travel United States

“Lemme Show You My D*ck!” – Racism In NYC

Stone age approach to black + white love in 2018?

If you’ve seen my last post, you know that I was recently married. If you look closer, you can also tell that I’m in an interracial relationship. Shocker! haha

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Any ways, my now hubby and I have been on a few trips now – to France, Southern UK, Sicily, Spain, and Morocco just to name a few. We have fun, memorable experiences from each location as well as some unsavory ones. In Morocco, a man swindled us by walking us to our Airbnb (although I protested to my hubby about it but he was too naive), and in France, I almost had a meltdown climbing a mountain that I swore was going to throw me to my death. One negative experience I didn’t expect however was in NYC, my hometown of sorts.

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Speed walking along the east side of midtown Manhattan, my hubby and I were on our way to grand central station to catch a train (as the MTA has no care about smooth service). We decided to walk rather than ride a train downtown to come back up and switch over to another roundabout way of getting home.

As we’re walking, talking about random things and laughing at stupid jokes, my eyes fall upon what looks like a homeless older man standing under some scaffolding in front of us. He’s an older black man wearing a gray tee and some jeans that look a bit dirty and he’s fidgeting. Why did he catch my eye? Not because of his fidgeting but because he’s sticking his middle finger up. In my head I can’t help but think that he’s flipping me off but I think perhaps I’m mistaken and he’s silently attacking the woman walking ahead of us.

We get closer and it soon becomes apparent he’s flipping me off. And as we get in closer range, he starts yelling at me “lemme show you my d*ck. I bet my black d*ck is bigger than his. It’s two times the size of two white men.” I quote this but know it’s not verbatim, it’s just how I remember it. He then starts to shout something else about our kids (of which I have none but I guess it’s something he’s predicting) and follows it off by calling me a b*tch.

It’s at this moment that my hubby loses his cool and wants to confront this man to which I say no, he’s crazy and it really isn’t worth it. Growing up in the Bronx (and NYC), you know that the homeless are likely mentally unstable (a sad generalization but I feel it to be true). There’s absolutely no point in engaging with people like that because you have no idea what they might do next. If they are willing to verbally attack you from a block away, you shouldn’t get in a yelling match with them IMO.

We keep walking and we eventually get to the train but I was shocked. I was shocked that I was being targeted for being with my husband and that a man was so bothered by it that he harassed me. Granted, he was a mentally unstable homeless man (my diagnosis) but I couldn’t believe that was something I would encounter minding my own business on the streets of NYC.

I began to think that maybe I was being PDA-y (but I’m pretty anti PDA), analyzing what I was doing before that moment the man called me a b*tch but then I stopped. I was doing anything wrong and this man was a complete nut. We were just caught off guard, not thinking someone would bother us because of our differing appearance in a city as diverse and “liberal” as New York. But what truly surprised me was that this wasn’t the first instance of being called out because of my relationship in NYC.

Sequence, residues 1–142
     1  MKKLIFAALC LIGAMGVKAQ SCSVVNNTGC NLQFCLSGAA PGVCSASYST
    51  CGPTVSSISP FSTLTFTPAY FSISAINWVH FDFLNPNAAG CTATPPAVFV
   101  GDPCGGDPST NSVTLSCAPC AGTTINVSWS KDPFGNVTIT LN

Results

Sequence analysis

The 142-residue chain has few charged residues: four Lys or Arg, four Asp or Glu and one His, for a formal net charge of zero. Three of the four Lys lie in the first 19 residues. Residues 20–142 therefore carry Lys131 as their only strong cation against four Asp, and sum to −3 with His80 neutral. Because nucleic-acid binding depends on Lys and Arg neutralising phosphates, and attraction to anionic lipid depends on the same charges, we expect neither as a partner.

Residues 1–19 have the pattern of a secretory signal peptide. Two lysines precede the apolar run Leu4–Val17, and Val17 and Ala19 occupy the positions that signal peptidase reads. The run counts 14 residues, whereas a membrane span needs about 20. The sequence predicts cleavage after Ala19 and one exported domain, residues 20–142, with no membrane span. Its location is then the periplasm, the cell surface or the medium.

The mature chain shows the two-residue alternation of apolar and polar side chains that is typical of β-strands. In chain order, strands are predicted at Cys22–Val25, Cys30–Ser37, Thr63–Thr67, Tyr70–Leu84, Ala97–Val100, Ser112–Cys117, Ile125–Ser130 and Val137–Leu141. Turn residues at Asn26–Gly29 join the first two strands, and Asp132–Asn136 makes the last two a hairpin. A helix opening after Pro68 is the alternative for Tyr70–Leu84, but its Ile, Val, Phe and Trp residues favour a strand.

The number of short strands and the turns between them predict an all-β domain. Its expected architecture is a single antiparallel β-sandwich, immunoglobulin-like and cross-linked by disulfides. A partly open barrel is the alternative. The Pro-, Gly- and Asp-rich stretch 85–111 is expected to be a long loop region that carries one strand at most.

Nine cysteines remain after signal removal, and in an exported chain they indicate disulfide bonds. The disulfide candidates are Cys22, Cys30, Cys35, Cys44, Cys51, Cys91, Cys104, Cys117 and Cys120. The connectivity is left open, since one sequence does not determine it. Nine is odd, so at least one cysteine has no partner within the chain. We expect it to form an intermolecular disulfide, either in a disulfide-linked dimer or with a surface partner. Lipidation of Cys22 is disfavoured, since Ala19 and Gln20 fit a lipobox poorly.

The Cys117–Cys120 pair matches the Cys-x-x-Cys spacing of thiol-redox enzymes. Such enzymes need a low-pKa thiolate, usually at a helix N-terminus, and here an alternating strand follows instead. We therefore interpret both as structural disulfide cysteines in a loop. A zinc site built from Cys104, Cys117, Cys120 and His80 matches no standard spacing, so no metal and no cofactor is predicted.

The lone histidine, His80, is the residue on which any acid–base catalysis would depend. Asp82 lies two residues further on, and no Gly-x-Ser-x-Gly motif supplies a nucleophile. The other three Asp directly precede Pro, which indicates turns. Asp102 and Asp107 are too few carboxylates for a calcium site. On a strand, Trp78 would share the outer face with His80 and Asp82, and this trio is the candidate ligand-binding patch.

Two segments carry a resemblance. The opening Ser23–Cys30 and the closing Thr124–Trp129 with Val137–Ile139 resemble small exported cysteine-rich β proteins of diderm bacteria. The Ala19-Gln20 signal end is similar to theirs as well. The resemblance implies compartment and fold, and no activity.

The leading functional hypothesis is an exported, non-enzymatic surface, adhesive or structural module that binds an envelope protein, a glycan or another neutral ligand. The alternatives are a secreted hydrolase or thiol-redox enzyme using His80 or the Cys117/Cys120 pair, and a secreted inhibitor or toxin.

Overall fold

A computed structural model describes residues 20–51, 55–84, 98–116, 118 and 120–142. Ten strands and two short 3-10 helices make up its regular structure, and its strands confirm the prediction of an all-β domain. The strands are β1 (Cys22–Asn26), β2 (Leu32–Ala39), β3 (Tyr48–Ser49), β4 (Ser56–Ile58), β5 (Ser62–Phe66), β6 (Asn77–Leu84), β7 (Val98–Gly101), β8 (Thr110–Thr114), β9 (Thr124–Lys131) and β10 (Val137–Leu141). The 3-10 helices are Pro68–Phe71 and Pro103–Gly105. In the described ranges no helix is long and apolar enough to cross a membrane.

The first time it happened, it was a few days before my wedding. My husband (fiance at the time) and I were in Union Square walking around the city and enjoying New York. If you haven’t been here from time to time, in high traffic areas, you’ll find weird religious groups preaching with microphones in their hands about what god likes and dislikes or some radical idea (this is my opinion). We came across a group just like this who were shouting about how god didn’t like gays and as we walked by, they didn’t targeted how god didn’t like interracial relationships. Say what!

That time we didn’t really let it phase us since he wasn’t going bananas like the homeless man but again, this man saying this because he saw us was an older black male. It was bizarre to say the least. Of all my trips and all our travels, I haven’t noticed or felt super targeted until this most recent trip to NYC. We’ve been in NYC before and have gone “under the radar” but this trip, we seemed to catch attention. Perhaps it was because of our wedding and the good vibes were bringing in some negative, dusty ones. It’s hard to say.

These NYC experiences won’t ruin NY for me (NY was already ruined, jk) or traveling as a whole. Part of traveling is to learn new things, meet new people and get new experiences that shape you. I don’t feel our relationship is a sin or wrong so we are all good there, but it is good to have these crazy things happen to make me a better person. I didn’t teach anyone tolerance in those situations (is that my job?) but I did figure out a way to handle myself and handle any possible next situation with a better head.

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